If I was back in Toronto right now, I’d likely be on the street protesting the G20. Instead, I am thousands of miles away reading about it online at the Toronto Star’s live blog.   Already, there have been arrests including an acquaintance Dave Vasey.

Tomorrow I am heading out to a “Hands Across the Sand” event in Mississippi – likely the one in Pass Christian which was one of the earliest spots that dead turtles and tar balls started washing ashore back in early May.

There are events across North America – please try to get out to one if you can.

I can’t help but think of the connections between the two events.

The Deepwater Horizon Oil Spill on April 20th continues to spew oil out into the gulf. No matter what methods – top kill, cap, burn off – the oil is filling the gulf. There is a potential hurricane brewing right now; and a heavy season expected. If it looks bad now, just wait til a hurricane lifts the oil and throws it several miles inland. BP is involved in providing response and recovery. It continually throws money at the problem; at the same time it controls media and public response. Volunteers and BP contractors are under a gag order. Kindra Arnesen is one of the locals not afraid to tell it like it is. (I heard this speech and it is great!). BP has spent about $2 billion in relief efforts (and pledged $20 billion into an escrow account for income loss).

The G20 (and G8) meetings which occurred this week in Ontario bring together world leaders to discuss key economic and development issues. The theme for the summit is Recovery and New Beginnings and is intended to discuss recovery from the recession and moving forward. 7 LCBO (liquor) stores, the PATH (underground corridors), the Art Gallery of Ontario, the University of Toronto, the CN tower (ironically included in the G20 icon) are all closed. Many businesses and organizations downtown – including the Professional Writers Association  of Canada of which I am President – have shut down for the day or are having employees work offsite.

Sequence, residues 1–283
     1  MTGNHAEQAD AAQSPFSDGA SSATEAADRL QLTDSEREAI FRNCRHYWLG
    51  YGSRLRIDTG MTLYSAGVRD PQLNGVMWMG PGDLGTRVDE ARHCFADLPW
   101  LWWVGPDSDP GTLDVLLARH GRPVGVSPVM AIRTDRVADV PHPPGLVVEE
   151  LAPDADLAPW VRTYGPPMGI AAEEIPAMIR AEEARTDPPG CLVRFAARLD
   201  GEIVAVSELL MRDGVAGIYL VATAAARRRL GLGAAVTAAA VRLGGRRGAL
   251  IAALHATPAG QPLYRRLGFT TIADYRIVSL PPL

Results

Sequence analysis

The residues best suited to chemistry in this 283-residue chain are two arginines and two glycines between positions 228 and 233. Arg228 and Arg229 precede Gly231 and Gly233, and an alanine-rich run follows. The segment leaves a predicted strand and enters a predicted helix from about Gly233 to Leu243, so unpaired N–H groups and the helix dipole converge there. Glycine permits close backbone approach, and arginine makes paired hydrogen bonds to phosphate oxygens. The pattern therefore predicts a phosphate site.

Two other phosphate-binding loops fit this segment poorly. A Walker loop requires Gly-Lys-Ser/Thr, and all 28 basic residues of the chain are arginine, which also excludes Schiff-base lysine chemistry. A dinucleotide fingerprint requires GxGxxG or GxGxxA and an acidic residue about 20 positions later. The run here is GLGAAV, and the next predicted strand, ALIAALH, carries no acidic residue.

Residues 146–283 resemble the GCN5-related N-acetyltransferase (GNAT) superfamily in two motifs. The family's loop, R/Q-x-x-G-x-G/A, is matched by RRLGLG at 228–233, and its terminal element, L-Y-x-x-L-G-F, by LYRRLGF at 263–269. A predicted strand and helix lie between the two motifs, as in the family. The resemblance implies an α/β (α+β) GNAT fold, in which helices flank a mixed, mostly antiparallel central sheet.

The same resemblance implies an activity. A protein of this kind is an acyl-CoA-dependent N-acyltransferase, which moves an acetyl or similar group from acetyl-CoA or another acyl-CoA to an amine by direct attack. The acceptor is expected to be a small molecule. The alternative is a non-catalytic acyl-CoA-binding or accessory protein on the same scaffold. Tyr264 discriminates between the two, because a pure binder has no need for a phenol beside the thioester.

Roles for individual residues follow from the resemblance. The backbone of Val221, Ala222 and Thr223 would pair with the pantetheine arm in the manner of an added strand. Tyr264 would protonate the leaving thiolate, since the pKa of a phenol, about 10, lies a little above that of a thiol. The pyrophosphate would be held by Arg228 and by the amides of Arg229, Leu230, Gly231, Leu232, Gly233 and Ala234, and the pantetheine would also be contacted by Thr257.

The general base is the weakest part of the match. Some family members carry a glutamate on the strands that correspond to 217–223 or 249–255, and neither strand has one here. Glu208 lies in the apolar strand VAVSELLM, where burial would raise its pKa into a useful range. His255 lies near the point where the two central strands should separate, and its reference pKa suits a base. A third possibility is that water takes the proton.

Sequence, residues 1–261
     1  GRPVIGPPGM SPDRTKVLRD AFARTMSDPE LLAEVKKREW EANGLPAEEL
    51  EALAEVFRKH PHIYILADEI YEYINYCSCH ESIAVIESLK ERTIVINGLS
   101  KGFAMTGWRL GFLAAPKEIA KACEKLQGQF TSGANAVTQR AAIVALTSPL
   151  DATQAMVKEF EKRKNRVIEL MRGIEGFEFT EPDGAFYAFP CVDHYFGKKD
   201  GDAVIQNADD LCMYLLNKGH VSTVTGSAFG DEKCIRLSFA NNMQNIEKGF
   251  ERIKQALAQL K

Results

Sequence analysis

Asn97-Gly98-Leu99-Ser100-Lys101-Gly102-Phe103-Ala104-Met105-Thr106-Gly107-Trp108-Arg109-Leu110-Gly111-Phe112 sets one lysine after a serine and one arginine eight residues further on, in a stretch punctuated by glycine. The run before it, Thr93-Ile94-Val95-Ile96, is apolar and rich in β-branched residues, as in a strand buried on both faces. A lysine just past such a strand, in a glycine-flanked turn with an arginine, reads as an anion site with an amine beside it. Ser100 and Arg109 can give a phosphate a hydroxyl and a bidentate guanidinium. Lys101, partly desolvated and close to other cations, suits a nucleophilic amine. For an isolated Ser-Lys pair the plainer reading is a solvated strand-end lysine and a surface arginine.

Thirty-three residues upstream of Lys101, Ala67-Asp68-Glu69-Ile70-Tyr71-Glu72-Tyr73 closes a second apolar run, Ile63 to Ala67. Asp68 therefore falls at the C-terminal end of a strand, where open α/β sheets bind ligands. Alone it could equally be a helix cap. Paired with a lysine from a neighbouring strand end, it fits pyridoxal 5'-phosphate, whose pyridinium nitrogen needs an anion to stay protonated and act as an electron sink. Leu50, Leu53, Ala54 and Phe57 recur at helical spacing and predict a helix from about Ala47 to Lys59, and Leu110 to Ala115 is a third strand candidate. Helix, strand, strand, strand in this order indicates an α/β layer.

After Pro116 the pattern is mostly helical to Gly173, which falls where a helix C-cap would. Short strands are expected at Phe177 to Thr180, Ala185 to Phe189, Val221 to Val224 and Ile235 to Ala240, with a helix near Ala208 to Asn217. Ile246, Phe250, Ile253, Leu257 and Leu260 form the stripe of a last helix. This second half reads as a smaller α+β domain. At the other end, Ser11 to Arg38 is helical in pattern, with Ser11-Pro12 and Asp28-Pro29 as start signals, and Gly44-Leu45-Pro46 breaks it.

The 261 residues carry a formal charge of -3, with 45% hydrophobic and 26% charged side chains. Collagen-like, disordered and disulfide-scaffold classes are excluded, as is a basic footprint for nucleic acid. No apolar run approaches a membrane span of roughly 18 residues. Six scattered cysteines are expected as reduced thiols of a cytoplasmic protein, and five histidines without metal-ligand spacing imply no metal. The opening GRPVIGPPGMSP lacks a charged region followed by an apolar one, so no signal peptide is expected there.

$1.1 billion has been spent on the security and set-up of the summit; that’s just the amount they have told us about. From the fake lake to the security fence to over the top amounts of security police the summit organizers have turned Toronto into a police state.  The information that gets out will be as spun and controlled as the truth about the oil spill.

The protesters at the G20 aren’t just complaining about the cost of the summit. They’re there to talk about women’s rights, immigrant rights, health care, poverty, job security and climate justice.

The latter is where the biggest connection (after the outrageous security and media control) come into play. Environmental issues are critical. At the same time that the oil spill occurred and President Obama declared a moratorium on offshore drilling, Prime Minister Harper relaxed Canadian laws.

The oil spill is the fault not just of BP or governments but the fault of all of us. We have an over-dependence on gas and oil; it stems from our desire to drive, and consumerism. I include myself in this. As someone with a disability I depend on my car; I live in a community that has hardly any transit so my car is necessary. I don’t ever shop at Wal-Mart but the substitutes here – at least for low cost – are Family Dollar and Dollar General. That means that if I don’t want to spend a ton of money I need to buy cheap plastic products, likely made in China. I’m doing my best to find local sources, shopping at local non-chain stores, but its still a challenge.

What the G20 should be talking about this weekend is oil. It should be looking into clean energy options on a global scale. They should have a serious talk about the environment and the need for climate justice. I don’t have any faith that it will happen in any way but I wish it would. Maybe then the world would start heading in the right direction.

If you’re Canadian, on Facebook and want to show your support for residents affected by the BP oil spill, please join Canadians in Support of Gulf Coast Residents.